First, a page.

The Solar iPad Charger from Logitech 0

A little while ago we brought you news that UK solar technology developer G24i had successfully tested solar cells that can work on indoor light alone and were actively looking to team up with hardware manufacturers to integrate their clever little invention into some actual gadgets. Well guess what? They’ve only gone and done it.

With an i-Pad keyboard no less.

A match so perfect that one can only i-magine it was a case of love at first  s-i-ght, the moment they set i’s on each other, etc, etc.

This is of course fantastic news, because it means the beginning of the end of all sorts of little batteries. And, wait for it, a world in which we will no longer have to roll the batteries in the back of our TV remote controls every time they start running out of juice.

The downside of this invention, as we mentioned before, is that it will likely end up being incorporated into all sorts of things which, frankly, don’t really need to be powered in the first place. Like teddy bears in toyshops, breakfast cereal bowls and traffic wardens.

G24i have apparently already delivered 50,000 units to Logitech, with another 50,000 in the pipeline. The keyboards themselves are expected to retail for about $130 when they hit the stores.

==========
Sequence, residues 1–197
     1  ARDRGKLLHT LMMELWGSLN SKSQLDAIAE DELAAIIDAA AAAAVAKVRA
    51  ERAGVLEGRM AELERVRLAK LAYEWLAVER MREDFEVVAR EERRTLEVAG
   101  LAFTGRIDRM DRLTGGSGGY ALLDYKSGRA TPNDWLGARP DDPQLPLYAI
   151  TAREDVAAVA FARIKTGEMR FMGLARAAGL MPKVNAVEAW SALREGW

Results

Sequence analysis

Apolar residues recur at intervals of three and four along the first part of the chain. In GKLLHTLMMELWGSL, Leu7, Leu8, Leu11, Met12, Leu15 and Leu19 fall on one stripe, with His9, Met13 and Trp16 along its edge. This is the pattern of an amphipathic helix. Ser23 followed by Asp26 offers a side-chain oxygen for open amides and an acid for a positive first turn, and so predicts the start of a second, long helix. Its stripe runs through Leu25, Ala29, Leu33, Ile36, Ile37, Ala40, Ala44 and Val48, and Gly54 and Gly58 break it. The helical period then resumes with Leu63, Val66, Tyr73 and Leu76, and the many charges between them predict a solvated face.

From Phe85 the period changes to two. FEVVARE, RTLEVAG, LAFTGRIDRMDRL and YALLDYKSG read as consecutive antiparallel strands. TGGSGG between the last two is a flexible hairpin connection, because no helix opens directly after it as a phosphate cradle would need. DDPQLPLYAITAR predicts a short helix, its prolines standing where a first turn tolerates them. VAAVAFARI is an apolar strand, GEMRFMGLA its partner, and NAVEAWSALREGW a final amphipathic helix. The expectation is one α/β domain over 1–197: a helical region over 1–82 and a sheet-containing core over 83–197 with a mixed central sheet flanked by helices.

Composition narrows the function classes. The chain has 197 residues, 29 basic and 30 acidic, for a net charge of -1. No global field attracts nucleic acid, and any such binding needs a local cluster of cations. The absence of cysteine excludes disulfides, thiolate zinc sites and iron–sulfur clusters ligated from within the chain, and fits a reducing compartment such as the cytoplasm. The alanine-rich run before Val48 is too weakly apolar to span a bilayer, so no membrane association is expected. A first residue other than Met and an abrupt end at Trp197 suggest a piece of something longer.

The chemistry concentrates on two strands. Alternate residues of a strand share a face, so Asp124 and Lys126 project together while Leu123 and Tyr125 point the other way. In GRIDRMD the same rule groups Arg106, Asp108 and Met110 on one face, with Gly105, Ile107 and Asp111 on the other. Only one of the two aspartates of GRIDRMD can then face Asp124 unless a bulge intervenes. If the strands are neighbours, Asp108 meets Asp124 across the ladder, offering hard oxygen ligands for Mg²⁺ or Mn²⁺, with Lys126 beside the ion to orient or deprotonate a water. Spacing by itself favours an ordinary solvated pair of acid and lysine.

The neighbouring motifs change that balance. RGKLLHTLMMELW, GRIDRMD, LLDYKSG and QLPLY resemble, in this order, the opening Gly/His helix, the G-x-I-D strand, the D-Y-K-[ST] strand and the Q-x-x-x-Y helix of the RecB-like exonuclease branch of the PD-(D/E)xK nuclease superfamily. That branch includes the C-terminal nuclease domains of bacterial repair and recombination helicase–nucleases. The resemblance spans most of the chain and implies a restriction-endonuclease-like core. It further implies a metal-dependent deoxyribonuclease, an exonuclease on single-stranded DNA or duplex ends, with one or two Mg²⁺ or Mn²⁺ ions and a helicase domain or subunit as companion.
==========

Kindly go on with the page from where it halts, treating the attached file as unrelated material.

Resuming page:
Logitech’s President Bracken Darrell, said that he was excited by the development and that it, “signals the future of small electronics.”

A sentiment which was echoed by G24i’s chairman, Bob Hertzberg, who in an interview with clean-tech website businessgreen.com said that the incorporation of the solar cells, which generate a “trickle charge” from indoor light, was an extremely significant step forward.

“We have crossed the Rubicon and are in the market with a device,” he said, adding that the companies were now investigating how the cells could work with other peripherals such as mouses (mice?) or speakers.

“Devices are getting more efficient, batteries are getting better, and our technology is getting more efficient. It is the perfect storm for shifting lots of low energy devices over to energy harvesting.”

Obvious other devices include eBook readers such the Kindle, smoke alarms, commercial display units, mobile phones, and ultimately laptops and tablets.

He also said that the company is working with a high-profile hotel chain to deliver automated blinds powered using photoelectric cells that allow the blinds to shut when the room is unoccupied, reducing air conditioning requirements and saving between $3m and $4m a year for the company.

He didn’t however mention the teddy bears.

Original Article on 2050 Magazine

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